Sunday, July 19, 2015

DoubleWeave DoubleWidth

Looms take up space, and large looms take up a lot of space.  With the possibility of downsizing "looming", I may have to give up either my 8-shaft 36" Harrisville, or my 4-shaft 45" LeClerc.  Not having an 8-shaft floor loom seems limiting.  And not having my LeClerc workhorse (think BABY BLANKETS) seems even more limiting.

I like to use 40"-45" for baby blankets.  Easily done on the LeClerc.  I decided to try a double width doubleweave project to see if my skills are up for doing blankets in TWO layers.  I have only done doubleweave samplers following the excellent instructions published by Jennifer Moore in her "DoubleWeave Basics Book".

I had a bin of wools that needed to be used (part of the downsizing) and so I planned a project for a large wool throw blanket.  I decided to use the LeClerc loom because the Harrisville had another project going.

I put on a width of ~33" as two layers. Since the LeClerc only has 4-shaft that meant each layer could only be plain weave.  The opening would be on the right and the 'crease' or midline, would be on the left.  I also sleyed the sett more loosely right at the midline, and added a nylon floating selvedge.

The challenge of doublewidth is to only join the layers at the midline.  In this case it was the left edge.  During the first 12" or so I checked my layers every few minutes by lifting the shafts for the top layer and peeking in the side.  After 12 inches I felt more confidence and just wove carefully (and more slowly).  I did find myself catching threads, but less frequently than I worried.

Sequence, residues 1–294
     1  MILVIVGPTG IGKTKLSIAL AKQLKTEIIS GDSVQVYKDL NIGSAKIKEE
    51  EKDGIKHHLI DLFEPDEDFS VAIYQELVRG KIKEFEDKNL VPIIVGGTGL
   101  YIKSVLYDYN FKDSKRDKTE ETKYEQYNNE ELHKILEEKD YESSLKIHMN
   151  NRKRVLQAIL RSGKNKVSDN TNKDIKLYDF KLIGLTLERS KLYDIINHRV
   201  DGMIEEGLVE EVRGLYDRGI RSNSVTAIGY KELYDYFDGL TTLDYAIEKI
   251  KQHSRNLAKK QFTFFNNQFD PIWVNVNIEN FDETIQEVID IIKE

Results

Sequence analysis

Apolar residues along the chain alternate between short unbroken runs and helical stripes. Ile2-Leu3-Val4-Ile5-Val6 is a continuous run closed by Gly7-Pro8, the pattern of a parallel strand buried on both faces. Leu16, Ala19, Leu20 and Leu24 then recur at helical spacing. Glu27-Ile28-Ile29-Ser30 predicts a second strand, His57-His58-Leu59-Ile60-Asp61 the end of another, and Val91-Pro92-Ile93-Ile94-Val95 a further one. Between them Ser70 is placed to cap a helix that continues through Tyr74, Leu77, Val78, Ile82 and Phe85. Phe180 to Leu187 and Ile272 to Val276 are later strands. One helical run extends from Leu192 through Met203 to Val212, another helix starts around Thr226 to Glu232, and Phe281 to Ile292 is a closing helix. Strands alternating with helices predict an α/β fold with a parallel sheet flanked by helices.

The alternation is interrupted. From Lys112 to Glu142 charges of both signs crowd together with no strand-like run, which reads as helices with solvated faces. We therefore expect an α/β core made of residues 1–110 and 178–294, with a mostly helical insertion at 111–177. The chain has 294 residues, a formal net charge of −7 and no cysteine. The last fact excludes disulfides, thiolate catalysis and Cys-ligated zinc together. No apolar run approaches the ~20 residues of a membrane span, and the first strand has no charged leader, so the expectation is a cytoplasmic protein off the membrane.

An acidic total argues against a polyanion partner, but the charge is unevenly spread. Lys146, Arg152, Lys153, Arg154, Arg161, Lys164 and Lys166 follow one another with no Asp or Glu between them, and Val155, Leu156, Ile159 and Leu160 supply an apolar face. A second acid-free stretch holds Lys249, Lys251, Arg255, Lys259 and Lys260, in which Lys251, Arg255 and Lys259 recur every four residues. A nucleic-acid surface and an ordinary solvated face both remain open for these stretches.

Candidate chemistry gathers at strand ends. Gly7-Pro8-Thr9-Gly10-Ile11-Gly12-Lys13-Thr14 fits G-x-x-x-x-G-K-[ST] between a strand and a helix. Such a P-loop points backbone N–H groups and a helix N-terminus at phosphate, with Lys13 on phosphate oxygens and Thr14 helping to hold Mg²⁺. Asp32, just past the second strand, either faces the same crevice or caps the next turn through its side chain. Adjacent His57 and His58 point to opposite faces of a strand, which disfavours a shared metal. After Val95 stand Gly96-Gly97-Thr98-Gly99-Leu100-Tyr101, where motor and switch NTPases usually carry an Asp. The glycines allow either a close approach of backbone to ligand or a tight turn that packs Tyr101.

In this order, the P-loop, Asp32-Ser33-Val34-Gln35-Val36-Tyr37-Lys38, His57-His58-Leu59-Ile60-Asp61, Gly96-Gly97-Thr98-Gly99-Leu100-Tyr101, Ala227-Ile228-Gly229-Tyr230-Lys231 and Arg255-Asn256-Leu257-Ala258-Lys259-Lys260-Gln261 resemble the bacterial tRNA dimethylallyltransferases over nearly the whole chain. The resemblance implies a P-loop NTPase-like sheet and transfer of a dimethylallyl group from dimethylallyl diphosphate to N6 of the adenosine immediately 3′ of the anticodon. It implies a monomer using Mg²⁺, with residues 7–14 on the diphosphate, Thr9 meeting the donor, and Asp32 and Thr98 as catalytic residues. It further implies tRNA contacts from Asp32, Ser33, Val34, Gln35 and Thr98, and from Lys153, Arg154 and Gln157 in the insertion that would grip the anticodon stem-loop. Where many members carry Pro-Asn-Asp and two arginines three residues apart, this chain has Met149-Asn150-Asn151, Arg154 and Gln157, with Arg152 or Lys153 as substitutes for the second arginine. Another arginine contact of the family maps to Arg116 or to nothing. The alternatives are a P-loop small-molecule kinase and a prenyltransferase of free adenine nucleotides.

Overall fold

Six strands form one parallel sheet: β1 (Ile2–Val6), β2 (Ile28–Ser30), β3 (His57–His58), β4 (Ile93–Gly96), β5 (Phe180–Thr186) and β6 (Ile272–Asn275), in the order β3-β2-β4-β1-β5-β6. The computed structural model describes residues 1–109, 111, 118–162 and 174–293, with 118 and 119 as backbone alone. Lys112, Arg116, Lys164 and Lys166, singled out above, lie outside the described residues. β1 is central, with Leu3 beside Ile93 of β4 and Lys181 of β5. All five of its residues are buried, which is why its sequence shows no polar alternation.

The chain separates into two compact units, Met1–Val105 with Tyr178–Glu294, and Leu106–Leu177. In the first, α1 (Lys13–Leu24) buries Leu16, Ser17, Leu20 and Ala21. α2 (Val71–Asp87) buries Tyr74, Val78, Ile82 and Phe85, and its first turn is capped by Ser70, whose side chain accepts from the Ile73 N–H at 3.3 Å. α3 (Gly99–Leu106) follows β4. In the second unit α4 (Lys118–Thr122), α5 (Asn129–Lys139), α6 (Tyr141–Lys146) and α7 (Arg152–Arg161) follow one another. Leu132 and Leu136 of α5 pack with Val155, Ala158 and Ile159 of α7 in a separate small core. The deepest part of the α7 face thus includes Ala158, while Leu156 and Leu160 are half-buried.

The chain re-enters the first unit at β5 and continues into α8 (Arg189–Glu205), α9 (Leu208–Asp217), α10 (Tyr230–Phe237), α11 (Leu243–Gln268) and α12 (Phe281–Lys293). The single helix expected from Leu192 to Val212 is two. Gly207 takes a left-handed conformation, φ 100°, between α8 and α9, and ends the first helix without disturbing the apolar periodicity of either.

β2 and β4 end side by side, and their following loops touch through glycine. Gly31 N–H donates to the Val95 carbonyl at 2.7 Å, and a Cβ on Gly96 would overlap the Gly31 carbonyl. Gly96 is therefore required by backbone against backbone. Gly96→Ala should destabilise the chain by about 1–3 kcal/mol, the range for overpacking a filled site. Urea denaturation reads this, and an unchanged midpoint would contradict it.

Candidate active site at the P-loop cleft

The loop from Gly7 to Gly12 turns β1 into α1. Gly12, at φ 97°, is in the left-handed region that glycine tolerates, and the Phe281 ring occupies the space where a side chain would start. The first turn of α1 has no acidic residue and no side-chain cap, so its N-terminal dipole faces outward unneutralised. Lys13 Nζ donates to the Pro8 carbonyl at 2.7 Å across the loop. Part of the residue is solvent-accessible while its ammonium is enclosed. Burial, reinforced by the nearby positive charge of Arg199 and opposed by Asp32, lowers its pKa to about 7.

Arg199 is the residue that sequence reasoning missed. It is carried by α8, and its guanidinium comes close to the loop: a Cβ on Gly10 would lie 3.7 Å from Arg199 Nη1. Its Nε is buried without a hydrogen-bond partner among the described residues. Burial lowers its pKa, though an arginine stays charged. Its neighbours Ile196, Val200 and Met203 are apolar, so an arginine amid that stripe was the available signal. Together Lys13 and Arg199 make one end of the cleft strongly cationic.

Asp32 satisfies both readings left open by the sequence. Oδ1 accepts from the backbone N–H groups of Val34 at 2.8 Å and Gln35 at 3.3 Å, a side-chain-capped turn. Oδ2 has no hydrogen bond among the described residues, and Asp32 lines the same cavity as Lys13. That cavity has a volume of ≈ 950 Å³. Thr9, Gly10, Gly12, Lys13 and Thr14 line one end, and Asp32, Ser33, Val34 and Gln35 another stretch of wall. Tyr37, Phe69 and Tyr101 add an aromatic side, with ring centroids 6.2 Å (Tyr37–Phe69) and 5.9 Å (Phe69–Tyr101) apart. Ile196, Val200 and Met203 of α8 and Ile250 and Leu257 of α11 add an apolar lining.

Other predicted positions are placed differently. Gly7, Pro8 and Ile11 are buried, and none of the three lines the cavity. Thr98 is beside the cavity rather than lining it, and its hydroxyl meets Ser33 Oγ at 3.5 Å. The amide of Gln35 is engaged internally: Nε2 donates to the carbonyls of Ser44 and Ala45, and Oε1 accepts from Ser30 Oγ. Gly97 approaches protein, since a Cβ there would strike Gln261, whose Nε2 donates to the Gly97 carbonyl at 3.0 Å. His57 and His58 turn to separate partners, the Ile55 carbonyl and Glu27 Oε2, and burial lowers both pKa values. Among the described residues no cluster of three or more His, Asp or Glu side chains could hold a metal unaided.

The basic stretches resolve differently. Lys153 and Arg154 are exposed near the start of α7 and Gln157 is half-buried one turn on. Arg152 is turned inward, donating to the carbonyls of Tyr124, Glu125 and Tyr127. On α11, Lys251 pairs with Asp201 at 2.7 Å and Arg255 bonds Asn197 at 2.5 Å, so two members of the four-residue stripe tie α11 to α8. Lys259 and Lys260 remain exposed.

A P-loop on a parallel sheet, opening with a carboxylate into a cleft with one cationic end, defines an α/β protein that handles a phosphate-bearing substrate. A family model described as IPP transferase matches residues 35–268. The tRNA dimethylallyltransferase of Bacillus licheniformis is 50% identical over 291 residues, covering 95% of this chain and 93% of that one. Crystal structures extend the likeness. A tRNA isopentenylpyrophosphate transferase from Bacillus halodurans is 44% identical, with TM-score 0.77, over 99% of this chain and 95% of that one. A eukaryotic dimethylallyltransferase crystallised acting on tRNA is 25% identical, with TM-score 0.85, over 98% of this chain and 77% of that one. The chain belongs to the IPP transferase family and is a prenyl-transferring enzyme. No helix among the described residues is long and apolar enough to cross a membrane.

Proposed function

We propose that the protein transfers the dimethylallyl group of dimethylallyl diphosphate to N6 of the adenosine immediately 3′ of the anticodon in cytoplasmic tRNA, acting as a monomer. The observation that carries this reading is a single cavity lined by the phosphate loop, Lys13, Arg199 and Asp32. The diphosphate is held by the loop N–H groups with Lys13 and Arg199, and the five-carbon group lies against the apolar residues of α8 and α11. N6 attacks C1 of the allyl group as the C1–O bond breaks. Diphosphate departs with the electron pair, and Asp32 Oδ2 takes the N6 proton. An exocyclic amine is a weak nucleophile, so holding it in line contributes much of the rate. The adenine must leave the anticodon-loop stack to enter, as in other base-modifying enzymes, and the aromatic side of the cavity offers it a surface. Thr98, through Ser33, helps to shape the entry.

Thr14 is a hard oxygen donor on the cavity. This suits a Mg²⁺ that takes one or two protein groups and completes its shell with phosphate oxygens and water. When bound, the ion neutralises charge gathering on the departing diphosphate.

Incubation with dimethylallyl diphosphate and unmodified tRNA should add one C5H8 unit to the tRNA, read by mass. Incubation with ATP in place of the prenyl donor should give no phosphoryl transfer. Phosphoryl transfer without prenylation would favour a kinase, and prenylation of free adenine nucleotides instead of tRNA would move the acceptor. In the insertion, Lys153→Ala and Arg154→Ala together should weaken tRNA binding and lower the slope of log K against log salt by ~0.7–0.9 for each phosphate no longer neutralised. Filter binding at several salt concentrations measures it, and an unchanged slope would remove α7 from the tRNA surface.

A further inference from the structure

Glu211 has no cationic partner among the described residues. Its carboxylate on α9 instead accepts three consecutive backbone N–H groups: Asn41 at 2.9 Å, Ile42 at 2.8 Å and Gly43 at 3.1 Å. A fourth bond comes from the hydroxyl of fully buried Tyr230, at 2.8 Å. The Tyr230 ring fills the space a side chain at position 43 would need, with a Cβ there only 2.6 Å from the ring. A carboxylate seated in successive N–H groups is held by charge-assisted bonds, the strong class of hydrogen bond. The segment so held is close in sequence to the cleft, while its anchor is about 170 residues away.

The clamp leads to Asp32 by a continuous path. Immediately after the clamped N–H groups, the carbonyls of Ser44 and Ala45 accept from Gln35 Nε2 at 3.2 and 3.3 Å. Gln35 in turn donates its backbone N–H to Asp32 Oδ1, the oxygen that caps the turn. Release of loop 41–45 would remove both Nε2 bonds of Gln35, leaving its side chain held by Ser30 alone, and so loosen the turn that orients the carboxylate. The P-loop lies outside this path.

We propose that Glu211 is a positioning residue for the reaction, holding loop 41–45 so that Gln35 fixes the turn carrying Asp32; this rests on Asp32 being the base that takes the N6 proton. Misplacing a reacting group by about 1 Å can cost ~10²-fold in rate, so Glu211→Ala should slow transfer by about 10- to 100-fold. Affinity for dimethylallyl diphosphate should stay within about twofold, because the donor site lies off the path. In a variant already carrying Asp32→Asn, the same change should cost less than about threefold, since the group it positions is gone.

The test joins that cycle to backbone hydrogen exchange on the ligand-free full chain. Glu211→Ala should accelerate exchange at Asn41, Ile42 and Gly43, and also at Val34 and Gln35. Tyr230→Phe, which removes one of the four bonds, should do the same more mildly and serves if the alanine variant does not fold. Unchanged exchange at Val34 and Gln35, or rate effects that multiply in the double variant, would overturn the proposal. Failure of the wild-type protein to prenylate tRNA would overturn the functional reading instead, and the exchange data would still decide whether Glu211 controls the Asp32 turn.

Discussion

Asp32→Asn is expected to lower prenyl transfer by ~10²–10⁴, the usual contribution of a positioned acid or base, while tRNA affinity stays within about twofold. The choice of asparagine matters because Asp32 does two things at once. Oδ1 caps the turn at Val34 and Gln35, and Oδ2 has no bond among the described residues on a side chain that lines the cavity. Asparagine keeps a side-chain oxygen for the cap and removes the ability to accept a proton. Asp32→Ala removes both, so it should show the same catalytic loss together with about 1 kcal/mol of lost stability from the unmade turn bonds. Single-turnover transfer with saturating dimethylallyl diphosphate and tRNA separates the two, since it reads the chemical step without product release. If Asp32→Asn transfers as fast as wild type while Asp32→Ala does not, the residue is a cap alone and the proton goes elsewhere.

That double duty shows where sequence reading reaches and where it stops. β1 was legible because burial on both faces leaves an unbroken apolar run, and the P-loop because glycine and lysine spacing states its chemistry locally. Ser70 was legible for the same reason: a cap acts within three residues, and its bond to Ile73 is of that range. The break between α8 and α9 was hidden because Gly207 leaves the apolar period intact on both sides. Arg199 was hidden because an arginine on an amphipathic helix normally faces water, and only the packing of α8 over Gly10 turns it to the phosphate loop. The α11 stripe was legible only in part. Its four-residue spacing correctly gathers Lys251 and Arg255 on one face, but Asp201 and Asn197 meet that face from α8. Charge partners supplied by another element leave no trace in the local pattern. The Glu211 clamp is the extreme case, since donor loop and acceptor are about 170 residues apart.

Sure, but the real test is when it is off the loom.  I was SO VERY HAPPY when I found only one small error where the layers were joined!  The fix was pretty quick and easy since it is loosely sett plain weave.

I need to finish the twisted fringe and wash to see how the midline will look.  I will post some additional pics with the completed blanket.

It's Hard to Keep up with a Blog with all these Baby Blankets

I like M&O pattern for baby blankets.  The floats have never been a problem and the pattern adds great color and texture.  This blanket was done in all cottons.  The binding is a cute and colorful Owl print.